Byline: BRIAN SEWELL
OVER the past half century or so, art historians have occasionally sought to define the Englishness of English art, identifying such constants as our love of horses, dogs, landscape and portraiture, and discovering in their combination - as in Gainsborough, Reynolds and Stubbs - the best that we can do.
This, however, is a blinkered view, for these were constants, too, in European art, and the sane man must argue that in the 18th century, the first in which we became a nation of painters, we were among the greatest. We have nevertheless been conditioned to believe that because we had no obvious Goya or Tiepolo, we were inferior. Inferior?
Where is there a European match for Wright of Derby as a painter of the Enlightenment, for Hogarth as the liberal and compassionate Jeremy Bentham of painting, or for Stubbs as the scientific re-creator of the horse?
The subject that historians should have investigated was not the Englishness of English art but the Englishness of English taste, for if one thing is certain of the 19th century, it is that the grand ambitions of the century before were snuffed out by a deplorable shift in taste towards the trivial.
We became collectors of the illustrated narrative - "every picture tells a story" was not merely the slogan of a kidney pill, but the battle cry of the Royal Academy, and painting thus became the handmaiden of the novels of the middle classes and the pennydreadfuls of their servants; painting put roses round the door of every country cottage, made every cow contented and every baa-lamb pretty, painting poked its nose into every cranny clad with ivy and bathed every sweep of landscape in the warmth of summer or the golden tranquillity of afternoon.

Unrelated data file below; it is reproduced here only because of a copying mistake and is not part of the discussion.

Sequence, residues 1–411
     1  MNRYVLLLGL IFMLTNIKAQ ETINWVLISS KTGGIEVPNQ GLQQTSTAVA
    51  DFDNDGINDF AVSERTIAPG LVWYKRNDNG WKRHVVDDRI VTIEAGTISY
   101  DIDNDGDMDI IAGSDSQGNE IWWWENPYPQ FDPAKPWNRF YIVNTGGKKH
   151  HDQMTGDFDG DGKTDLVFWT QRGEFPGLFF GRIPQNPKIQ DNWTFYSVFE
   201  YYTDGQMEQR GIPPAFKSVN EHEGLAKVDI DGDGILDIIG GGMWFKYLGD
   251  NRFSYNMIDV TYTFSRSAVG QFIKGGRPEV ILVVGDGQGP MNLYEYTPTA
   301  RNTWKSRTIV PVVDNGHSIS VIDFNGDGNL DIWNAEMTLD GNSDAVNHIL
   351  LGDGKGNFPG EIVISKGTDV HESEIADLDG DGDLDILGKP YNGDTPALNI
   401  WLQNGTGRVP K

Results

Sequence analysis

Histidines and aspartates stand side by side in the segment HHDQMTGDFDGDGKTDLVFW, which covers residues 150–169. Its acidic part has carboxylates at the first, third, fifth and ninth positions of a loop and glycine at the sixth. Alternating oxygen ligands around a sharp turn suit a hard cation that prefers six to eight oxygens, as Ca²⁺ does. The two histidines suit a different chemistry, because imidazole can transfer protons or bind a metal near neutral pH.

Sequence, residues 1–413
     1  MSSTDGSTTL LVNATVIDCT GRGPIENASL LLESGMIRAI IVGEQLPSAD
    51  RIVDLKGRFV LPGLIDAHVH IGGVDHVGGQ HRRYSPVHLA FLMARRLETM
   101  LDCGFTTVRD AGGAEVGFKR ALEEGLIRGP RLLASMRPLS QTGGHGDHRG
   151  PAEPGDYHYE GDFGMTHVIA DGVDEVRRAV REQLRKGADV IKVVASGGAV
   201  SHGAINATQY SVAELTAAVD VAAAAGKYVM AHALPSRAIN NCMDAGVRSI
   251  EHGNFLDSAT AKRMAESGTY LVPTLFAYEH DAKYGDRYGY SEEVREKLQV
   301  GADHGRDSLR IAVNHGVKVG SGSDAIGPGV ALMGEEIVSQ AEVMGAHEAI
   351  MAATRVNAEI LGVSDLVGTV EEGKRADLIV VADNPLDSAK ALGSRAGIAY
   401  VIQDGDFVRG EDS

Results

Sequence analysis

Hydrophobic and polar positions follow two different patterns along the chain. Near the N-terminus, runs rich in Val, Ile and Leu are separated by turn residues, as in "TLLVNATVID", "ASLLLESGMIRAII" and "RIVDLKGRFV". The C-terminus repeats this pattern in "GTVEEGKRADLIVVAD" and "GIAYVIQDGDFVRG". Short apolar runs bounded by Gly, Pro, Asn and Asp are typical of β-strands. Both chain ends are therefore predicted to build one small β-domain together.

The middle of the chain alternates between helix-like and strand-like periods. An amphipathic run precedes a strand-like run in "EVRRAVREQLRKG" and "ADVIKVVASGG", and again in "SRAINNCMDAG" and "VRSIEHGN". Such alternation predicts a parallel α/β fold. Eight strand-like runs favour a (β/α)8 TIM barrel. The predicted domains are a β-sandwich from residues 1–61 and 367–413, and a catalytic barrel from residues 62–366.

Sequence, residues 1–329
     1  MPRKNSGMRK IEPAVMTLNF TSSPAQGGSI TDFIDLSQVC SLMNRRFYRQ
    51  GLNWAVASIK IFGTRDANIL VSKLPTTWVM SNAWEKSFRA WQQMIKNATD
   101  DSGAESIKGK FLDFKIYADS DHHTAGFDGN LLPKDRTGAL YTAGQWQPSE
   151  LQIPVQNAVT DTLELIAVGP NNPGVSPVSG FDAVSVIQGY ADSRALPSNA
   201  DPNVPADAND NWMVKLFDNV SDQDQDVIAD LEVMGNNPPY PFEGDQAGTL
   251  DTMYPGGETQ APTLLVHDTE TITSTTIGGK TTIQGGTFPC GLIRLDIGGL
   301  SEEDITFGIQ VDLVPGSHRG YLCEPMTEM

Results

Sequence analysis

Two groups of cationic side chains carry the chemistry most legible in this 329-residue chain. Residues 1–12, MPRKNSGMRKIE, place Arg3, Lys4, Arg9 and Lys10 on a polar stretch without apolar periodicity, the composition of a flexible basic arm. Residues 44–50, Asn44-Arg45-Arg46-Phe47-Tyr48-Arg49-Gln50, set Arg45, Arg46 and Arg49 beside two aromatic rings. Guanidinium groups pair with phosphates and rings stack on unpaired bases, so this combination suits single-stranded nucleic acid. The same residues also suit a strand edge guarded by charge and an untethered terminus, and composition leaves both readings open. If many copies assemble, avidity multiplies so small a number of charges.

Where does Samuel Palmer fit into this, the admirable eccentric who spanned the 19th century, the boy genius, the recluse, the moonstruck "Extollager", the scholar gipsy, the painter of small things in an old Romantic manner that, after the passage of half a century, tricked the imaginations of Graham Sutherland and half his generation into painting the even smaller things of the new Romanticism of the 1930s?
In his time he did not fit at all, for spiritually he was too close to the then neglected Blake, his insight and intuition too remote, too downright strange for eyes trained to read pictures as sentimental, pathetic and heroic tales. Palmer could never have conceived a Death of Nelson or an exploration of the North-West Passage, could never have given us Pygmalion or Perseus, the cottage girl or chimney sweeper's boy, and when what he could and did give us as a visionary failed to pay his bills, his adaptation to Victorian demands was commercially scarcely more successful and aesthetically almost unremarkable.
English to the core and in a broad sense literary, too, his work was not to the taste of the Victorians, but for three-quarters of the 20th century he was the subject of wild, romantic and informed enthusiasm, and is so still, an epitome of English art.
Born in 1805 in Southwark, it is significant that Samuel Palmer was the son of an educated middleclass bookseller of modest independent means. Never short of books to stimulate his imagination, at 13 he was apprenticed to a forgotten painter, William Wate, and at 14 exhibited for the first time at the RA. At 17, he met John Linnell, Blake's friend and patron, whose daughter he was to marry and whose influence sharpened his perception.
A year later, he encountered the 14-year-old George Richmond, who became a lifelong friend, and the following year they, and others, formed a society, The Ancients, and wore a uniform of flowing cloaks and broad-brimmed hats.
Years later, in 1853, Matthew Arnold, in his poem The Scholar Gipsy, that in so many of its lines evokes visions of the English countryside that are virtually descriptions of Palmer's most powerful but enigmatic early drawings, conjured his core character with "in hat of antique shape and cloak of grey". …